Rule 60(b)(6) motion to vacate judgment

A Rule 60(b)(6) motion to vacate a judgment in United States District Court is the topic of this blog post. Rule 60(b)(6) (Rule 60) states that a Court can vacate a judgment for any other reason that justifies relief. Rule 9024 of the Federal Rules of Bankruptcy Procedure state that Rule 60 applies to most proceedings in United States Bankruptcy Court so this motion can be filed in most bankruptcy cases as well.

Motions filed under Rule 60(b)(6) are harder to obtain than motions filed under clauses 1-5 of Rule 60(b) in that the Courts have ruled that this motion can only be granted in extraordinary circumstances to prevent a manifest injustice. However if used in the right situation this motion makes sense, particularly in situations where the facts of the case do not meet the requirements of clauses 1-5 of Rule 60(b) even though extraordinary circumstances exist.

Rule 60 states in pertinent part that “(b) Grounds for Relief from a Final Judgment, Order, or Proceeding. On motion and just terms, the court may relieve a party or its legal representative from a final judgment, order, or proceeding for the following reasons: (6) any other reason that justifies relief.”

And Rule 60 also states that “(c) Timing and Effect of the Motion. (1) Timing. A motion under Rule 60(b) must be made within a reasonable time—and for reasons (1), (2), and (3) no more than a year after the entry of the judgment or order or the date of the proceeding.”

The Ninth Circuit Court of Appeals as well as other Circuit Courts of Appeal have stated that there is no strict time limitation on filing a motion to vacate a judgment under clause (6) of Rule 60(b) although in my personal opinion any party should file their motion as soon as possible after they have knowledge that a default judgment has been entered against them as the motion must be made within a reasonable time and a motion filed under clause (6) is generally hard to obtain except in very unusual circumstances.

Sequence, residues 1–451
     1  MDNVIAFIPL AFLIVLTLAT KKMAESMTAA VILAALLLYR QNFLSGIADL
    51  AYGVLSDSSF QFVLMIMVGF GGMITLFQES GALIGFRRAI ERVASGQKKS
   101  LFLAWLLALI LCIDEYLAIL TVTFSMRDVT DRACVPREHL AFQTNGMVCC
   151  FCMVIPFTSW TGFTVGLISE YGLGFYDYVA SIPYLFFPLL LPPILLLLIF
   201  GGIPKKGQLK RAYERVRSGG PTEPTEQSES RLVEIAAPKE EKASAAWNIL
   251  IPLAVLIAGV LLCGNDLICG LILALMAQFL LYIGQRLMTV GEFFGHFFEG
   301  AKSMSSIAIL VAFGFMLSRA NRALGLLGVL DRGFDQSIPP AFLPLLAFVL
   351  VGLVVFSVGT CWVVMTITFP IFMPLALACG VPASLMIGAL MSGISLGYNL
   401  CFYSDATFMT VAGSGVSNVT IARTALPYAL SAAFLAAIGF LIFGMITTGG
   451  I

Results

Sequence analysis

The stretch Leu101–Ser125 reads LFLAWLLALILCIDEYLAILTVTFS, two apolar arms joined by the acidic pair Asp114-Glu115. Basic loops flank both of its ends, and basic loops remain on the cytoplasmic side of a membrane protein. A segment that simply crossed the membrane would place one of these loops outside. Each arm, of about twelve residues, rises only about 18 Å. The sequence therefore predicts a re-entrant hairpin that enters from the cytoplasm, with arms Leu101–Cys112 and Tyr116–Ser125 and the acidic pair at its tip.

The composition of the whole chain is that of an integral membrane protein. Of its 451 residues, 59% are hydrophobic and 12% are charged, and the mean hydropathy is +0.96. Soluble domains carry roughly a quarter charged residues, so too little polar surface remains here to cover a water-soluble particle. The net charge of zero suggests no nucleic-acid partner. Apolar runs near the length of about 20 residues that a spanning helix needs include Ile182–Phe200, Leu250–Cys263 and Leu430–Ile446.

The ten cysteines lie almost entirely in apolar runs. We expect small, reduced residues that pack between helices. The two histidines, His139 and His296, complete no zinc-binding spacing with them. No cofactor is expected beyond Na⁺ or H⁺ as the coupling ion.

However the Ninth Circuit Court of Appeal has stated that Rule 60, like all the Federal Rules of Civil Procedure, “is to be liberally construed to effectuate the general purpose of seeing that cases are tried on the merits.” Rodgers v. Watt, 722 F.2d 456, 459 (9th Cir. 1983) (internal citations omitted.)

See also Federal Rule of Civil Procedure 1, “The Federal Rules should be construed and administered to secure the just, speedy, and inexpensive determination of every action and proceeding.”

Attorneys or parties in civil litigation in United States District Court who wish to view a portion of an 11 page sample motion to vacate judgment under Rule 60(b)(6) that includes brief instructions, a memorandum of points and authorities with citations to case law and statutory authority, sample declaration and proof of service by mail sold by the author can see below.

The author of this blog post, Stan Burman, is an entrepreneur and freelance paralegal that has worked in California and Federal litigation since 1995 and has created over 300 sample legal documents for California and Federal litigation. If you are in need of assistance with any California or Federal litigation matters, Mr. Burman is available on a freelance basis. Mr. Burman may be contacted by e-mail at DivParalgl@yahoo.com for more information. He accepts payments through PayPal which means that you can pay using most credit or debit cards.

You can view portions of over 300 sample legal documents for California and Federal litigation at http://www.scribd.com/LegalDocsPro

*Do you want to use this article on your website, blog or e-zine? You can, as long as you include this blurb with it: “Stan Burman is the author of over 300 sample legal documents for California and Federal litigation and is the author of a free weekly legal newsletter. You can receive 10 free gifts just for subscribing. Just visit http://freeweeklylegalnewsletter.gr8.com/ for more information.

Follow the author on Twitter at: https://twitter.com/LegalDocsPro or like my Facebook page at https://facebook.com/LegalDocsPro

You can view sample legal document packages for sale by going to http://www.legaldocspro.com/downloads.aspx

DISCLAIMER: